Woyzeck, Old Vic, London, review: John Boyega leaves you in no doubt about his stage chops

Boyega who is better known for his role in 'Star Wars: The Force Awakens' stars in Joe Murphy's production of 'Woyzeck' revised by 'Harry Potter' script writer Jack Thorne 

Paul Taylor
Wednesday 24 May 2017 17:27
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John Boyega as Woyzeck and Sarah Greene as Marie in 'Woyzeck' at The Old Vic
John Boyega as Woyzeck and Sarah Greene as Marie in 'Woyzeck' at The Old Vic

His last theatrical performance was in a minor role at the Tricycle eight years ago – since when he has achieved international acclaim as Finn, the reluctant storm-trooper in Star Wars: The Force Awakens. But John Boyega leaves you in no doubt about his stage chops in this cumulatively devastating portrayal of the title character in Joe Murphy's production of Woyzeck at the Old Vic.

Georg Buchner's seminal working class tragedy – left unfinished at his death in 1837 – has been radically revised for the occasion by Jack Thorne, the dramatist who wrote the script for the two-part monster hit Harry Potter and the Cursed Child. It could be argued that he has gone a bit too far in spelling out, through a good deal of explanatory back-story and explicit psychology, what is elliptical and teasing in the original and in need of being pieced together in the imagination of the audience. But we're shown things from Woyzeck's point-of-view and there's still the unbearable sense of a protagonist whose disintegration is all the more harrowing because he only dimly comprehends the forces that are oppressing him.

Thorne retains the basic narrative arc: military barber driven to madness by poverty, the infidelity of his common-law wife and the unhinging effects of trying to make some money as one of the guinea pigs in a scientific experiment. He shifts the proceedings, though, to divided Berlin in 1981 where the British army – simultaneously on high alert and bored – is guarding the West from Russian invasion. Frank Woyzeck is now an illiterate squaddie desperately trying to build a better future for Marie, his Irish Catholic mistress and their baby daughter. But he can't afford the rent for the flat above the Muslim butcher's shop where they live and he's largely defenceless against his toffee-nosed sexually ambiguous Captain (Steffan Rhodri) and the German doctor (Darrell D'Silva) who swindles and maltreats him in shady trials for a human growth hormone.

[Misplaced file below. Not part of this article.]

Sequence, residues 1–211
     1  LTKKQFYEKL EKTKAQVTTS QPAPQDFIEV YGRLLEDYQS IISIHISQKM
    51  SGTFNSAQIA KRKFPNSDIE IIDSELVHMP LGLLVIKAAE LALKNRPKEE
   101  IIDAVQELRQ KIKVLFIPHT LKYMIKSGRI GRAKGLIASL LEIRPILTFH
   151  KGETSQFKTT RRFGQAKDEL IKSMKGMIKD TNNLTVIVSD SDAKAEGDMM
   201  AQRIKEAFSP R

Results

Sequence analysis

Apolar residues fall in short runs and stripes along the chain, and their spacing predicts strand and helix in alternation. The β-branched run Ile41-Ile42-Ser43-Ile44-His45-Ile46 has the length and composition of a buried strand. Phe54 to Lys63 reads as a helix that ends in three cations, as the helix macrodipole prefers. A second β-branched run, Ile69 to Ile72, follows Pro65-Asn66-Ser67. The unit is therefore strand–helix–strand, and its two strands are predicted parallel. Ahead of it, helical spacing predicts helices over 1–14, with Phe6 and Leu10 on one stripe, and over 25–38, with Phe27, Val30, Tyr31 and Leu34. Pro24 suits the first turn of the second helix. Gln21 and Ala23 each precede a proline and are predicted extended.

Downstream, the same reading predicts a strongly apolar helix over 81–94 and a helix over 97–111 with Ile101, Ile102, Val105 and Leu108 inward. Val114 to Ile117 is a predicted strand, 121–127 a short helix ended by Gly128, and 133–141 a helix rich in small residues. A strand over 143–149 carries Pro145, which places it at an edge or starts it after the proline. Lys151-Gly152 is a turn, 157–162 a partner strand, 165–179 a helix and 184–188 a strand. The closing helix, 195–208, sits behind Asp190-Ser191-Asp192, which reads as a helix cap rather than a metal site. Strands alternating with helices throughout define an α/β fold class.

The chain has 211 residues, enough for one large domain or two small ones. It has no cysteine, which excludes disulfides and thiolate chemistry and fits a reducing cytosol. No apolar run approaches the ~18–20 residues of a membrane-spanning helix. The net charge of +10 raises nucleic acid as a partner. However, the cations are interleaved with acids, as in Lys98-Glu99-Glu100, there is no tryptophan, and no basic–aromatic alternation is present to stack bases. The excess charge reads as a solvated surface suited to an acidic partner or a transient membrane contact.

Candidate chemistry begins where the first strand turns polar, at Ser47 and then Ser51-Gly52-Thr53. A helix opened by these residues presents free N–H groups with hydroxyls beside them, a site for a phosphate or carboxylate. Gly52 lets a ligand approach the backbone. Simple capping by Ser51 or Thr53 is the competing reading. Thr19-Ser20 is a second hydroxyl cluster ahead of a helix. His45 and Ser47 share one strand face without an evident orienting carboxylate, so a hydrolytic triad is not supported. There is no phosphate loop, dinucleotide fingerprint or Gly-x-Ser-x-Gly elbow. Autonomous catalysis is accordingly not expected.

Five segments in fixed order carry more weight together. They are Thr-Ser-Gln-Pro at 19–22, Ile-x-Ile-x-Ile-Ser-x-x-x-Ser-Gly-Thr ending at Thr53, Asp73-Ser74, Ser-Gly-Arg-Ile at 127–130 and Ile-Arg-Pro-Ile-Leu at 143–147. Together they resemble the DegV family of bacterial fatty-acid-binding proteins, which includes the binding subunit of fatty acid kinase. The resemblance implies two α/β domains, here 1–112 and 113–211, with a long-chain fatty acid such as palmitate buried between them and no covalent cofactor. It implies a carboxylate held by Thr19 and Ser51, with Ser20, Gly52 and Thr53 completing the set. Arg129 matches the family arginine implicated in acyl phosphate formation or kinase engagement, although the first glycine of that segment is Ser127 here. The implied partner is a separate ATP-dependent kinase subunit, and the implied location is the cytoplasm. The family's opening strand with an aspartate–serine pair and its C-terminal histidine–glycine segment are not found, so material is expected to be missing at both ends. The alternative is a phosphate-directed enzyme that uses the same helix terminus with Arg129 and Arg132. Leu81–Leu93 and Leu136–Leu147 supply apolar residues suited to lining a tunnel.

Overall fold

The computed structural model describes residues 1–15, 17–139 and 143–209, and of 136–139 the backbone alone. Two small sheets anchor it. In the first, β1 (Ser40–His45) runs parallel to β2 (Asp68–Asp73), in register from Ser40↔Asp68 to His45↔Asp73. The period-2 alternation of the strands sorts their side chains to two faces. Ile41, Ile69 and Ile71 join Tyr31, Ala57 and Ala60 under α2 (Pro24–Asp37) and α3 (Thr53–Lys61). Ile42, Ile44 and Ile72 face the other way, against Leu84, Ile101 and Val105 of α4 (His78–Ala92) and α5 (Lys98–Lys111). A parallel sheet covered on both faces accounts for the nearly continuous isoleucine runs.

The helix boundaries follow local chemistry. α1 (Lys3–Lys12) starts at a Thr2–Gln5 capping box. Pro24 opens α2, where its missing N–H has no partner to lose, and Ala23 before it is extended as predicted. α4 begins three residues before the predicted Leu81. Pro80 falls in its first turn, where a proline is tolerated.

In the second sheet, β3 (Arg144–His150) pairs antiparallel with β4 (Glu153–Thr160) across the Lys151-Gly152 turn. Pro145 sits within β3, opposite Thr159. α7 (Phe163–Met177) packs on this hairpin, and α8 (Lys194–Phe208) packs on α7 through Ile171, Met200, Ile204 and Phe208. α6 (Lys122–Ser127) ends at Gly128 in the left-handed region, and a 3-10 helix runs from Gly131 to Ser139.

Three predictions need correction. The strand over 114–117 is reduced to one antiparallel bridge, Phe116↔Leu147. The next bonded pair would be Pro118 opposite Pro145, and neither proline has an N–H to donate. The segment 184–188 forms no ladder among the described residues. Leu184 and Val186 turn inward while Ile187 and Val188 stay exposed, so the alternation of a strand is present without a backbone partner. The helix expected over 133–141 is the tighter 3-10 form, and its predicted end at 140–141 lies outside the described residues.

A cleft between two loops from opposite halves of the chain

In this version, he is also haunted by childhood traumas (the mother, who abandoned him to a series of foster homes, spectrally patrols the action, with his nine-year-old self in tow) and by the memory of his active service in Belfast where, it keeps being muttered, he disgraced himself professionally. It could easily come across as excessive to the point of melodrama, were it not for the remarkable tragic intensity in Boyega's performance. An exceptionally powerful presence, this Woyzeck starts off radiating a gentle devotion and a slightly dazed surprise at his luck until deep emotional vulnerability turns his raw need to be needed by Marie – and to believe that he has rescued her – into a dangerous obsession.

Sarah Greene is excellent in the expanded role of the mistress, genuine concern for her lover shading into fear and dread. The descent into insanity in the second half is shattering because Boyega swings so piteously between ferocity and terrified confusion as his Woyzeck thrashes about the stage, gobbling the experimental pills, thwacking himself in the face, and tipping washing detergent into his foaming mouth.

Nancy Carroll doubles as the mother and the Captain's callously posh wife who engages in some energetic couplings with Ben Batt's Andrews, a randy soldier who specialises in other men's wives and is as untroubled as Woyzeck is tortured. Carnality hangs like a heat haze over the production, whose brooding design by Tom Scutt is like a collection of padded grey sections of the Berlin Wall that rise and fall and seep with bloody entrails when punctured. A savvy piece of programming that makes Woyzeck more accessible while preserving its unsettling spirit and deserves to widen the Old Vic's audience.

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